Jones: Ads for beef in Montana might cease
Montana cattlemen and women have always been leaders when it comes to beef promotion. In fact, Montana’s cattlemen were responsible for one of the first two state beef councils ever established, created way back in 1954.
That’s why it concerns me that attacks – many of them coming from outside of our state, and many of them coming from people with no stake in cattle production – are threatening the Montana Beef Council and the checkoff on which it depends.
As a producer and a past president of Montana Beef Council, this is disturbing. We have a lot more to lose in this travesty than just our legacy and our history. We have a strong and effective set of beef promotion programs, established and overseen by the producers serving on the Montana Beef Council, and supported by thousands of beef producers throughout the state.
Among the programs threatened are in-state “Beef. It’s What’s For Dinner” radio ads reaching consumers throughout Montana. Many Montana CattleWomen events also are being threatened. The ladies of this organization go above and beyond the call of duty when it comes to promoting beef. If MBC can’t fund this organization who will educate the young kids in school as well as other consumers?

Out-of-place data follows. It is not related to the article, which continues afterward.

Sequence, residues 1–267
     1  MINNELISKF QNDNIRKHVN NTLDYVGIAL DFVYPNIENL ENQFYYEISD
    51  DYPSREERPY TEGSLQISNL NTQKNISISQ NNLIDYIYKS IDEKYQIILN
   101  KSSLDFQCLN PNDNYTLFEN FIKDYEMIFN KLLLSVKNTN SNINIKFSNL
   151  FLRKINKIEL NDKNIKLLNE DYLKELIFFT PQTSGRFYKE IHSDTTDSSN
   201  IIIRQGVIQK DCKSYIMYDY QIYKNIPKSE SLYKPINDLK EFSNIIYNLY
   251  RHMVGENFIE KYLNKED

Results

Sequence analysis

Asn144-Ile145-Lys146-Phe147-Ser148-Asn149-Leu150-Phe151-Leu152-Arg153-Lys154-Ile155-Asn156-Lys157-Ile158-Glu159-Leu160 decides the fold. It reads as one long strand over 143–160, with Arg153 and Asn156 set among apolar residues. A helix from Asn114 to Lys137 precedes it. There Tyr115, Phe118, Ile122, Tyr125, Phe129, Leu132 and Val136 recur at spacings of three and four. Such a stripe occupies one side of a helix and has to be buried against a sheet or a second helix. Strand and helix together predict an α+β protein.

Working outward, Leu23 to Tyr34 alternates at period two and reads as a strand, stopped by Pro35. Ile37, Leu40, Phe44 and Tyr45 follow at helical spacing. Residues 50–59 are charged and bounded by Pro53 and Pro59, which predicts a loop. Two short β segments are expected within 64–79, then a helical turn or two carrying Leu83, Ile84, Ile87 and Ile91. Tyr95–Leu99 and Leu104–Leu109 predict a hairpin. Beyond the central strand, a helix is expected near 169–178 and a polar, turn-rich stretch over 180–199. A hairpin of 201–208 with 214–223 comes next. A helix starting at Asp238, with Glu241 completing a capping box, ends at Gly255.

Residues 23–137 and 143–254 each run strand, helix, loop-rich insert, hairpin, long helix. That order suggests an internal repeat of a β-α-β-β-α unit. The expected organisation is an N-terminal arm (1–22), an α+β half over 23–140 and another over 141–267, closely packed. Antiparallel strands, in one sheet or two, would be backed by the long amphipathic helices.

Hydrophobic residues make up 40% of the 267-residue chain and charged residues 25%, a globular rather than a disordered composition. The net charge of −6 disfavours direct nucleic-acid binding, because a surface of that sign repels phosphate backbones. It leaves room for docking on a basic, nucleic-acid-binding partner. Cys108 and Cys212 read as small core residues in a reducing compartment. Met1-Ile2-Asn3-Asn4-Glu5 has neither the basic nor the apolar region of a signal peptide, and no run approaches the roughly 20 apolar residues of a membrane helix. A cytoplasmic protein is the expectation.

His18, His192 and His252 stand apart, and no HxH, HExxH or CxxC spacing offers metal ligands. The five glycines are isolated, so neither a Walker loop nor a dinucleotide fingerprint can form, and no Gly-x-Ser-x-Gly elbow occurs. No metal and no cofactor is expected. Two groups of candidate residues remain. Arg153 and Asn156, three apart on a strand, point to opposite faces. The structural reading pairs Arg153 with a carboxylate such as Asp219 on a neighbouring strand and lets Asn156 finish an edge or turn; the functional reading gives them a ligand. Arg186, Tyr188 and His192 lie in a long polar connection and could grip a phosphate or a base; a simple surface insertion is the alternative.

Retailers in the state will not be receiving support for summer grilling or holiday promotions. Our social media presence will be cut, as will our outreach to state “foodie” bloggers and media professionals. The MBC beef programs we had planned at Montana State University and the University of Montana football games have already been eliminated.
The BBQ Cook-Off we supported in Absarokee? Less focus on beef to the thousands of barbecue enthusiasts. It was a huge success for the promotion of beef brisket, but the Montana Beef Council can no longer support it.
Make no mistake, the $1-per-head checkoff will by law still be collected, but now instead of keeping half of that dollar in Montana the entire dollar will be sent to the Cattlemen’s Beef Board, which will determine where your checkoff dollars will be spent.
In my opinion, Montana producers should do two things: 1) sign an affidavit to ask that half of their checkoff dollar stay in the state, as is allowed in the Beef Promotion Act and Order; and 2) demand an explanation from the beef producers who brought this calamity on us. The lawsuits that brought about this disaster should be thoroughly exposed, and the people responsible should answer for their folly.